The divers worked through the night. But by morning, they only had 20% of the net removed from Fury’s tail. The Italian coastguard returned to the site, this time with a group of professional divers from the Coast Guard. They told Salierno that they would take over the operation. As difficult as it was, he and Isgrò left Fury and headed back to their homes.
“It was frustrating to see such a magnificent animal struggling to swim, and all for human fault,” recalls Salierno.
Within a few hours, Fury dove down into the water column. The whale never resurfaced.
Bocconcelli plans to go back to the Aeolian Islands this Fall to test out the acoustic beacon technology. He and colleagues will first survey for sperm whales around the Aeolian Islands aboard the M/Y Conrad, Sea Shepherd’s 17-meter-long catamaran. The survey will involve visually searching for whales through binoculars, and dropping towed arrays with microphones known as hydrophones into the water to listen for them.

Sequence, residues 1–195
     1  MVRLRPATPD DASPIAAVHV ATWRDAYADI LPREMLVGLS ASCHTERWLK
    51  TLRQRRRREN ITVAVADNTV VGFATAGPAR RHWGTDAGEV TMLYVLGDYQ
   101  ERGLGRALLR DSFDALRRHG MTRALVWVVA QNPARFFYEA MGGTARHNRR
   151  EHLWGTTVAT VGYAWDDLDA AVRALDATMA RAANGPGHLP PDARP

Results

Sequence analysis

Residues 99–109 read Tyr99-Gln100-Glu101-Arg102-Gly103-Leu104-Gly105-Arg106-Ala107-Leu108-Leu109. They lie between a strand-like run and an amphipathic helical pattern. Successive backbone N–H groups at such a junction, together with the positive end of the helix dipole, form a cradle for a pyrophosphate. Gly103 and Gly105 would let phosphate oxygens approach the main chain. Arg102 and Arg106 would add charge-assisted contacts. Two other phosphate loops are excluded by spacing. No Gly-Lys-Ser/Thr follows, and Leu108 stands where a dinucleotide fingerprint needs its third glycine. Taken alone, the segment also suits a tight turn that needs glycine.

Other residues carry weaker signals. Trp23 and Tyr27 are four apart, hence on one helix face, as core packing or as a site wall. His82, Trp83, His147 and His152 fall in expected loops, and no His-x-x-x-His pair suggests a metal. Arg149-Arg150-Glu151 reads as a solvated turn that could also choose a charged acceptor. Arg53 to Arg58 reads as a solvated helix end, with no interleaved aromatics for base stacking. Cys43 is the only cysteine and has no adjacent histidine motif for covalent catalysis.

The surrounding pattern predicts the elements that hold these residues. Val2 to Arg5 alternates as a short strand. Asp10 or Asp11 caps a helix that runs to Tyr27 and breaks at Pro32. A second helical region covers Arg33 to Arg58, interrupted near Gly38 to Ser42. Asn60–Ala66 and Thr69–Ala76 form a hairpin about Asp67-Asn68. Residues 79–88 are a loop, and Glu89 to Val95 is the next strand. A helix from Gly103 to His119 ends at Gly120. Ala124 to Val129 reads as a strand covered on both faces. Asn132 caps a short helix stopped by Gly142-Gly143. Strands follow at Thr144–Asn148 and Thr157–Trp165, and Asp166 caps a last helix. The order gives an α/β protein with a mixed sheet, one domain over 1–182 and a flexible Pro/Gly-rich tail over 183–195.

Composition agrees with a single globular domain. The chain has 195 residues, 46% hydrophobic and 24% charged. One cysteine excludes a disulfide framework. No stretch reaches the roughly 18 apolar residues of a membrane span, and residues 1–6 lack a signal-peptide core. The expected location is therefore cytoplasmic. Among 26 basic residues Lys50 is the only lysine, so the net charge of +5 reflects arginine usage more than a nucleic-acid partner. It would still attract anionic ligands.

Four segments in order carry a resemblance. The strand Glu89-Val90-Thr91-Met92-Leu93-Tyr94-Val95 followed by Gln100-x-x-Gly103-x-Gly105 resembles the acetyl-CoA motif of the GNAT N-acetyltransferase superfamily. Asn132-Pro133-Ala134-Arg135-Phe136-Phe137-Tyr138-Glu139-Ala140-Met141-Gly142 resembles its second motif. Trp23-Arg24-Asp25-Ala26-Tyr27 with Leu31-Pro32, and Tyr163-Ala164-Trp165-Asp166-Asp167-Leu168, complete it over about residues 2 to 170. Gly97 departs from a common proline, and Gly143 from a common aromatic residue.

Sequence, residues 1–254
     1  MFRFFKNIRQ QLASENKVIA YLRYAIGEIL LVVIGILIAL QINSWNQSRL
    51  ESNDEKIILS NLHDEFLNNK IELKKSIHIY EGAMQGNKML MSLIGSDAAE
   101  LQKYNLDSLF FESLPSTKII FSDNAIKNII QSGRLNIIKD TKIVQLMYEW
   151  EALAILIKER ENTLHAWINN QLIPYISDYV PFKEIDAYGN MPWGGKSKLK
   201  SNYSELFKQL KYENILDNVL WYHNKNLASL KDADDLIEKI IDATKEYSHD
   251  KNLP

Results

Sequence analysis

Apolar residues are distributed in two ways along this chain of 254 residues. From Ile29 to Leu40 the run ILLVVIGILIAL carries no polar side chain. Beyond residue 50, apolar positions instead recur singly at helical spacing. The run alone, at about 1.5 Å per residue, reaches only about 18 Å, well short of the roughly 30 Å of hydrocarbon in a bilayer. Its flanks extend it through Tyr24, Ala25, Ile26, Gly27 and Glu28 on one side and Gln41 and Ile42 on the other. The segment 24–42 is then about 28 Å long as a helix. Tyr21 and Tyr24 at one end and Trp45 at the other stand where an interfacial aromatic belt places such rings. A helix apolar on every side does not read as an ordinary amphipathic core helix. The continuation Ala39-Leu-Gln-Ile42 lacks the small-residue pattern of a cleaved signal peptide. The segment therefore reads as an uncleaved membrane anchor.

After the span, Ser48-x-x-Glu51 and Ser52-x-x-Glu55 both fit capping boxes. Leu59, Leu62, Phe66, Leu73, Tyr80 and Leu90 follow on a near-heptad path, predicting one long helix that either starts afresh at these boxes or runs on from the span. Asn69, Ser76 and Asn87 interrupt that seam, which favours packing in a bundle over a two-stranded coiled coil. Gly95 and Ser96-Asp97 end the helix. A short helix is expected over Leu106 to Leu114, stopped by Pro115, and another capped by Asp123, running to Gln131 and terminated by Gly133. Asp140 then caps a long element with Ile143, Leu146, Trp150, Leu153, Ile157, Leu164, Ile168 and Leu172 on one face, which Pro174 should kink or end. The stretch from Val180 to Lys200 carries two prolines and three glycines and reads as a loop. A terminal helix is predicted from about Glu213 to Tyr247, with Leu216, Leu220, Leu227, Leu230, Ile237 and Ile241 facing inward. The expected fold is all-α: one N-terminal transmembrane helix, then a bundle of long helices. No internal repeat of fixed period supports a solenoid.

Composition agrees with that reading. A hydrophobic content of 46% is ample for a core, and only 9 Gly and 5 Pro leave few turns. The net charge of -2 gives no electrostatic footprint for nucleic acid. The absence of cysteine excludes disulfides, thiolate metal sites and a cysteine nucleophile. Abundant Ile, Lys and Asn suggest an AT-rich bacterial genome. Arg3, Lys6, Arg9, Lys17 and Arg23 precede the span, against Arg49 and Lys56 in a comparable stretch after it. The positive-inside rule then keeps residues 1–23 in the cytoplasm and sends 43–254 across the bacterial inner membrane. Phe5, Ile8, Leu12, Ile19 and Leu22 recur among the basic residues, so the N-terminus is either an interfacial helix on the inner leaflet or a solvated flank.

“The data we collect has the potential to be used for fisheries management and even possibly the establishment of a Marine Protected Area,” says Bocconcelli. He says that this type of protection is warranted since the Mediterranean sperm whales are considered a genetically distinct population and are listed as Endangered on the IUCN Red List.
Salierno will accompany Bocconcelli on the cruise, and wonders if perhaps Fury will make a surprise appearance. He believes he spotted the whale in November, 2020 in an area near where he and Isgrò first encountered Fury—more than four months after Fury first disappeared.
“I really hope to one day free Fury, and that we find a way to live and swim together in the sea,” he says. “It will be beautiful!”